Newsom Vineyards at Comfort: It’s Always Been the Plan
A few weeks ago, I linked up on social media with Nolan Newsom, son of Texas winegrowing legends Neal and Janice Newsom of Newsom Vineyards in Plains, Texas. Nolan and I agreed to meet for breakfast in Comfort on my next trip to my hill top cottage located not far away.
I’d first met Nolan many years ago during one of my trips to the Texas High Plains. It was on the eve of a nasty late-spring storm barreling down on his family vineyard. His father had arranged for many of the high plains growers in the Lubbock/Brownfield area to meet with me for dinner at his Rock’n-N B&B. Nolan was at the helm in the kitchen grilling up steaks of every possible version of rare imaginable. There were lots of good red Texas wine compliments of the winegrowers, too. I added all the fixin’s that I could stuff into my suit case and worked as Nolan’s sous-chef for the evening.
At breakfast in Comfort this week, Nolan and his wife Mei, the co-founders of Newsom Vineyards at Comfort), shared their vision for this new venture. I asked Nolan how the idea for Newsom Vineyards at Comfort developed.
Nolan said, “Well, it’s actually been in the planning stage longer than we anticipated. Unfortunately, our tasting room project (Newsom Vineyards at Comfort) was delayed a bit due to the recent string of bad harvest years on the high plains. But, the vision all along was to start a tasting room where we could feature wines made from grapes harvested in the Newsom family vineyards.”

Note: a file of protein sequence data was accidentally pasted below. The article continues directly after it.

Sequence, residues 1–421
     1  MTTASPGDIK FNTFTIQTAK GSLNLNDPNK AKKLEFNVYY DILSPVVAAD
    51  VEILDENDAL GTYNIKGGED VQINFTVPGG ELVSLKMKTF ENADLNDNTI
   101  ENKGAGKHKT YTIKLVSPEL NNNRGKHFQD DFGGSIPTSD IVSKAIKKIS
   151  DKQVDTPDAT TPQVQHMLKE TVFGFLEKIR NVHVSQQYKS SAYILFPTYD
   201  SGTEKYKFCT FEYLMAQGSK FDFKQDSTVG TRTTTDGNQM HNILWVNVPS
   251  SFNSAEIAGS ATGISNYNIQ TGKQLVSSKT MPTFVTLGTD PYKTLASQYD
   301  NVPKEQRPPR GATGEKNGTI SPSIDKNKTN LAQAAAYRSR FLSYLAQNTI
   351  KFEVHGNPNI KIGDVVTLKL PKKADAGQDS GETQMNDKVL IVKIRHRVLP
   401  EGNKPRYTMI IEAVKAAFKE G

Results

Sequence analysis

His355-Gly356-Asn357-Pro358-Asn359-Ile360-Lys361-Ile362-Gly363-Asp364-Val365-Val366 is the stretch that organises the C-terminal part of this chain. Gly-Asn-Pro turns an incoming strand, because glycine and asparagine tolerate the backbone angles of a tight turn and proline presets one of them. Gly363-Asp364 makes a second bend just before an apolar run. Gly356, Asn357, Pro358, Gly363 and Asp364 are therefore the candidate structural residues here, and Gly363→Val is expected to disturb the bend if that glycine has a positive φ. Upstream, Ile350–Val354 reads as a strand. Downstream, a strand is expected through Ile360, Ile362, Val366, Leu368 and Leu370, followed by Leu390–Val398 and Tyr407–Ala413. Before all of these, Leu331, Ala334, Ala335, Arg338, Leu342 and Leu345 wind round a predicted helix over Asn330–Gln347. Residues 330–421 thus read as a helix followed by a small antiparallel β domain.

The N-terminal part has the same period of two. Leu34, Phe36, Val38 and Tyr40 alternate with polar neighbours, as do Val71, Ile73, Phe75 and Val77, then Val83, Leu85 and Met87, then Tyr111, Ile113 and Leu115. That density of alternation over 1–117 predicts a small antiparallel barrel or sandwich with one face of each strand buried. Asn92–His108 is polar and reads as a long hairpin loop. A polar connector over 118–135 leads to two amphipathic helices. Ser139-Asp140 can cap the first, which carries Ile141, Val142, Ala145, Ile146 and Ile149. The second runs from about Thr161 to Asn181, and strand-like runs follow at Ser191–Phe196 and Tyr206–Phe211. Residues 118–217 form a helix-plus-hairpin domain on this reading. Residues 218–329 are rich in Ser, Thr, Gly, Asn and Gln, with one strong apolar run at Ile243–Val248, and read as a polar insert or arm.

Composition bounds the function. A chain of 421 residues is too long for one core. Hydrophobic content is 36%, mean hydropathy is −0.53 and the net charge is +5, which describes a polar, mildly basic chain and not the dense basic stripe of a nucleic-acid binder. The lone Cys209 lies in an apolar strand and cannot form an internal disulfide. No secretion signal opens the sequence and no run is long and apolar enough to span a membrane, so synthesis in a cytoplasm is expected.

Most following the Texas wine industry know that the Newsom legacy all started with Nolan’s father and grandfather who both planting a just half an acre of grapes each over 30 years ago. Actually, it was young Neal’s idea after taking classes with Clinton “Doc” McPherson and Dr. Roy Mitchell at Texas Tech University. That eventually grew to more than a hundred acres with their grapes going to some of the best wineries and winemakers in Texas.
While Nolan’s background is definitely the the sandy red dirt of west Texas, Mei comes from the the hustle and bustle of Shanghai, China. She made her way to Lubbock as one of Brent Trela’s Texas Tech enology students. I guess you could say that Nolan and Mei were a match both personally and professionally made of Texas vineyards and wine. So, it’s only natural that they would aim their venture at Texas wine consumers.
For now, the couple are calling a small white centennial house in Comfort home while they prepare it to operate in the near future as their tasting room. Most days Nolan is spending his time reclaiming the houses antique wood paneling for various uses in the new tasting room. Mei is keeping her winemaking trade fresh at Gary Elliot’s Driftwood Estate Winery and Vineyard.
According to Nolan, “In the next 18 months, Newsom Vineyards at Comfort will release small case lots of 17 wines (15 varietal and 2 blends). They will carry either the Newsom Vineyards or their Inception label. These will include wines made by wineries we’ve worked with that we think are really the best at the particular wines they make. These wineries include Texas stalwarts like Bending Branch, Calais, Lewis, Pedernales, Llano Estacado, Flat Creek and Driftwood. The most amazing thing to me is that we will be carrying three single vineyard Newsom Cabernets made by three different wineries!”